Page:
The left handed Fawad Alam, who has looked like a novice against spin this summer, was beaten in the air when Swann,  bowling around the wicket to him, made the ball drift like the trajectory of a French curve to pitch just out side leg stump from where it gripped, turned and hit the top of off stump.

Mohammed Yousef provided a greater challenge and drew from the bowler an even better response.  This wonderful batsman had been going about his business with great calm, stroking the ball with apparent ease, scoring singles at will wherever he wished; until he met Swann. 

It was obvious that Yousef was intent on not getting out to Swann, a mark of considerable respect.  He played as late as he could and ‘with the spin’ but was beaten through the air when he was lured into over reaching and extending his bat to a ball which drifted even further and later than he had predicted.   Landing far beyond him, it turned quickly and sharply on its way through the gap that the stretch had opened up between the right hander’s bat and pad to strike the off stump.

This was a very special ball indeed and it then brought Shahid Afridi to the wicket.  The Pakistan captain, in a very Afridi way, decided that he could break the laws of physics (and of batting) by premeditating a cut against the best advice in cricket.  Inevitably the ball cannoned off the underside of his bat onto the wickets.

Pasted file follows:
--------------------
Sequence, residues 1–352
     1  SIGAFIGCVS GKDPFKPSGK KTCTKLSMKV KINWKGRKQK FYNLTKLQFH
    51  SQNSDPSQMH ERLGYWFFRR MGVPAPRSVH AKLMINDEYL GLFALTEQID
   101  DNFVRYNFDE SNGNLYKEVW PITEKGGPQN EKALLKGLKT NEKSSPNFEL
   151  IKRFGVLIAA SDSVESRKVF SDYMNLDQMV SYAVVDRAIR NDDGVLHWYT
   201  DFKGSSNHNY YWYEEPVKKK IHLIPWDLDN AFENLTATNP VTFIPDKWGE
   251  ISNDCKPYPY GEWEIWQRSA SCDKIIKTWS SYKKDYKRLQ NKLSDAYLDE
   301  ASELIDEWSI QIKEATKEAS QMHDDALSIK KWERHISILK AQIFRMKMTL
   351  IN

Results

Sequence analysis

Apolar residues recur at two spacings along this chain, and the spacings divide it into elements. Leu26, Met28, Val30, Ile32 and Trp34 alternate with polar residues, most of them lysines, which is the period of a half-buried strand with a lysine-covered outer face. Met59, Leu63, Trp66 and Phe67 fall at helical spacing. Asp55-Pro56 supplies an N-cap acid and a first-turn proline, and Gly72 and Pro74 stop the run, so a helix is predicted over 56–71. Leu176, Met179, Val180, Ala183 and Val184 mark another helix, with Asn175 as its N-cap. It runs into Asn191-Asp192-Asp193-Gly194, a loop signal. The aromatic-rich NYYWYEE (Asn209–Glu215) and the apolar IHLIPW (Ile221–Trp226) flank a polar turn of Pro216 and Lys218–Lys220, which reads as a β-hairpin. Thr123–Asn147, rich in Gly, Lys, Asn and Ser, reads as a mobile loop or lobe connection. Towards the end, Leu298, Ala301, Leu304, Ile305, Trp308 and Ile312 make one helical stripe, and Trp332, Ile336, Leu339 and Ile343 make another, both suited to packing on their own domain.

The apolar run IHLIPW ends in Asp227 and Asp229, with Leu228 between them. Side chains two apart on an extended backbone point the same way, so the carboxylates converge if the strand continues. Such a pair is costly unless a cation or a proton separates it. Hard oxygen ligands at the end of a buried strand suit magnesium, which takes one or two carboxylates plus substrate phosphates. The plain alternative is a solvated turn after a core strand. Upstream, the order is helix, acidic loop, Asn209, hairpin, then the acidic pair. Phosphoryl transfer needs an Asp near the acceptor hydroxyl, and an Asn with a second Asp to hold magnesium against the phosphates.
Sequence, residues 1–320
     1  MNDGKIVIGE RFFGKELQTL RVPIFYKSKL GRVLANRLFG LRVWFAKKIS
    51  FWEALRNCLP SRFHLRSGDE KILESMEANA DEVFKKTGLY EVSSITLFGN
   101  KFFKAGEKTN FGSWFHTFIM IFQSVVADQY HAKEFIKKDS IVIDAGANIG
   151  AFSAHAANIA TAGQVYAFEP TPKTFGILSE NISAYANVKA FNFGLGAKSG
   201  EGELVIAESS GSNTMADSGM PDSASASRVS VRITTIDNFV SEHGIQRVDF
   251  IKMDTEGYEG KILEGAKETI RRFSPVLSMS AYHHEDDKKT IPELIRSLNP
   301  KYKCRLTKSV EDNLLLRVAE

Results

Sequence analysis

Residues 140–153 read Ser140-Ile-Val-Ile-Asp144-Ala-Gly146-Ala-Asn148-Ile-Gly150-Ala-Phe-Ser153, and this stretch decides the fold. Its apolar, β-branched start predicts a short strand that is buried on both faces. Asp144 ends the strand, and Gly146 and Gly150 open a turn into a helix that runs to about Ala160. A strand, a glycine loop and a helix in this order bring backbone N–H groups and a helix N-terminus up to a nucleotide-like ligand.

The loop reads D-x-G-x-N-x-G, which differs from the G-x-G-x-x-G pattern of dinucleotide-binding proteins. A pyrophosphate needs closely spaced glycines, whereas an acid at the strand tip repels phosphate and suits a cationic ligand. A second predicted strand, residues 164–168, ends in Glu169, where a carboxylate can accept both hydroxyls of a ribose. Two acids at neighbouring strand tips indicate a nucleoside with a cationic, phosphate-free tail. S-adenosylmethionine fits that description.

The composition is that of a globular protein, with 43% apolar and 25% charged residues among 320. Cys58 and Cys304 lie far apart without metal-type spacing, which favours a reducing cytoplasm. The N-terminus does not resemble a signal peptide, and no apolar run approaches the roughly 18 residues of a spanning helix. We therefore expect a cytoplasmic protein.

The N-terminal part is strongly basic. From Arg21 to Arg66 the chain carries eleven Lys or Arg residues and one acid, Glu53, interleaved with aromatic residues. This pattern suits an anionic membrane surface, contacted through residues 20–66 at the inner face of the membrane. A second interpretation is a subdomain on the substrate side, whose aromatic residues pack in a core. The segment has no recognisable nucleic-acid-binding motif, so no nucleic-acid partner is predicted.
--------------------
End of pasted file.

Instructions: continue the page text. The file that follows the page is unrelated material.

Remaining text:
Pakistan subsided. 

That England’s admirable captain and Man of the Series, Andrew Strauss, made sure he had one of the stumps was itself telling.  The team revelled in the victory, further betraying their true feelings about the side they were playing.  Later there were handshakes but that tightly gripped stump and that belligerent victory huddle had revealed it all. 

England had reached out to cricket in Pakistan when offering to host their contest with Australia this summer.  The MCC had actually sponsored the Lord’s Test match between the two countries when no commercial sponsor came forward. The England players did not deserve or merit being unworthily traduced by elements of the Pakistan set up.  It is one thing to counter attack on the cricket field but quite another thing to counter attack in this way off it. 

An improper tour is ended.

Seven cold months now confront us, over half a year of anxious waiting for the return of the swallows, swifts and house martins with whom we have shared this summer.  Let us hope as many as possible return fit and well to rebuild their nests and add charm and interest, drama and fulfilment to the summer of 2011.

For the arrival of the house martins all that time ago see here.